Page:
Spotify

I took the decision to not write about online music industry news or new online music services a long time ago. Partly because there were many other, better sources of that information available, but also the sheer number of new music services launching on a daily basis is mind-boggling (Check out rocketsurgeon’s music 2.0 directory to see what I mean.)

The reason I’m breaking that self-imposed silence now is because something very rare is happening. A music service is changing how I interact and listen to music in a fundamental way – and the last time that happened was with eMusic back in 2006.

And it’s all because of Spotify.com – what was most notable about Spotify’s launch is that it wasn’t preceeded by Qtrax-esque posturing or SpiralFrog-like delusions of grandeur. It launched quietly in beta last year and instantly had everyone talking about it. The most amazing part of Spotify is, of course, the content. The licenses Spotify has with the majors are quite extensive – but the ONLY reason I know or care is because of Spotify’s flawless UI – it works like a pared-down version of iTunes allowing you to simply and quickly access an absolutely astounding amount of music.

But what’s truly exciting about Spotify is the services that are growing up around it. Just one example is SpotifyLists.com – a catalog of various Spotify Playlists that can be accessed with a single click. Take the “Greatest Jazz Albums Ever” as an example. Or the Top 100 Songs of 2008 by Pitchfork. Just click the link and press play and an absolute cornucopia of the best music is streaming on your computer.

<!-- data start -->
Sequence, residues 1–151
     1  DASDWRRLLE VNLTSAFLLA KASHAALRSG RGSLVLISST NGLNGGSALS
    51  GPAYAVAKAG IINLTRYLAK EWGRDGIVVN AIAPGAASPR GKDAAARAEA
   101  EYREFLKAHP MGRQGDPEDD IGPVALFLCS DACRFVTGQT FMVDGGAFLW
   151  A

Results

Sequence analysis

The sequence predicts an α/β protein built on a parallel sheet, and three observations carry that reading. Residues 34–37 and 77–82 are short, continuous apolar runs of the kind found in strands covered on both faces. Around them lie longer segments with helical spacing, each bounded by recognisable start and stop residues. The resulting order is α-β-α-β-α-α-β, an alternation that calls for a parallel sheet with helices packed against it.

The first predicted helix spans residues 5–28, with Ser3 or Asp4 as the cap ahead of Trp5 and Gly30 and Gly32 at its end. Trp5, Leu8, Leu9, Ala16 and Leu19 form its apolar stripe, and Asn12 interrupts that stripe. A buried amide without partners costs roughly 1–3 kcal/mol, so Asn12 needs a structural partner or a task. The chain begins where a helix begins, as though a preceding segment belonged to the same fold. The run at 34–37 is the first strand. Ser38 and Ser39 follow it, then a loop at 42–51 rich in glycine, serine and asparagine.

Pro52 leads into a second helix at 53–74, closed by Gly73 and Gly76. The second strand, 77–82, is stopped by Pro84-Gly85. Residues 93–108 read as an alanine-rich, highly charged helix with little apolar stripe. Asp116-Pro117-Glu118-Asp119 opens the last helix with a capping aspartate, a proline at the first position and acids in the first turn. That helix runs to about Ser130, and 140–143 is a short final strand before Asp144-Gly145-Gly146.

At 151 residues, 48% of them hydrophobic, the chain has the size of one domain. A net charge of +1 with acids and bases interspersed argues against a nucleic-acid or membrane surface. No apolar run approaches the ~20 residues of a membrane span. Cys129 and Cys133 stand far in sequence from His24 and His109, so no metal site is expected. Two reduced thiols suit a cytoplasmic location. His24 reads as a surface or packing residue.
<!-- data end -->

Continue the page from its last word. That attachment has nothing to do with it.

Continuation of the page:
Granted, the catalog gaps can get quite annoying, especially trying to find content from indie labels – but that will come in a short time, I’m sure (Penny artists will be on Spotify within the next month or so…)

What Spotify does is begin to fulfill the true potential of online music – any song, anywhere, anytime. And what next? An iPhone App? A killer user-made service? The possibilities are unlimited and I, for one, am giddy with excitement.

What does this mean for music businesses or music marketing? Right now, I’m just too excited about what it means for me as a music fan. I’ll take a stab at that after I’ve finished listening to the entire back catalog of Talking Heads….

*Update – That didn’t take long – a great new, and more userfriendly, SpotifyLists.com-type service just came live. Have a poke around here and you’ll understand the potential for disruption that Spotify presents – http://www.sharemyplaylists.com/*

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2 Responses to Spotify

  1. luckybleu says:

    too bad spotify had to take down much of its content, because they havent finalized licensing with the labels, much like qtrax has gone through, although now qtrax has finalized international licensing

    • pennydist says:

      Spotify have recently removed some content, for sure – but it hasn’t affected the service noticably. And they removed the content because of global territory restrictions NOT because they didn’t have the correct licenses in place. They just weren’t allowed to sell certain in music in certain countries. Qtrax launched while still negotiating licenses with the labels, and without any in place.

      Whatever the case, it’s Spotify’s UI AND the content that makes it a killer app.

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